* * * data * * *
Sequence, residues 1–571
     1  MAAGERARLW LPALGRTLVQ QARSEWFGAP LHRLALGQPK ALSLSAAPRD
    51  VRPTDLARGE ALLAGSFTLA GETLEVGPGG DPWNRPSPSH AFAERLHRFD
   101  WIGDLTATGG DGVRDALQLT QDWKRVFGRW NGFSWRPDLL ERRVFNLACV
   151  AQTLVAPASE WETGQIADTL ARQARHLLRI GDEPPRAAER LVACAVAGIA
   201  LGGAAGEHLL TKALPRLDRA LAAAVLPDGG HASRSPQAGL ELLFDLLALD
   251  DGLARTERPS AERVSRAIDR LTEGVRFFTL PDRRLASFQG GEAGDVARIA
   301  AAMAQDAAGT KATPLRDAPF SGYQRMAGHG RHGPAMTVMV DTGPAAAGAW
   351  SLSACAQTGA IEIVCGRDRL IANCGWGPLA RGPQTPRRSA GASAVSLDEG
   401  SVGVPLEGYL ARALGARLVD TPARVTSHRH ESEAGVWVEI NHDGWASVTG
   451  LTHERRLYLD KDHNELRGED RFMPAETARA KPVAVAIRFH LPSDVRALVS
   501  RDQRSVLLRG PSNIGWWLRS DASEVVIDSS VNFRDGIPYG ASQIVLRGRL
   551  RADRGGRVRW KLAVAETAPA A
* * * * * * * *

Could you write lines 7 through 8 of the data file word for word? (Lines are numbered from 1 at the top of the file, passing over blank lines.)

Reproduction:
   251  DGLARTERPS AERVSRAIDR LTEGVRFFTL PDRRLASFQG GEAGDVARIA
   301  AAMAQDAAGT KATPLRDAPF SGYQRMAGHG RHGPAMTVMV DTGPAAAGAW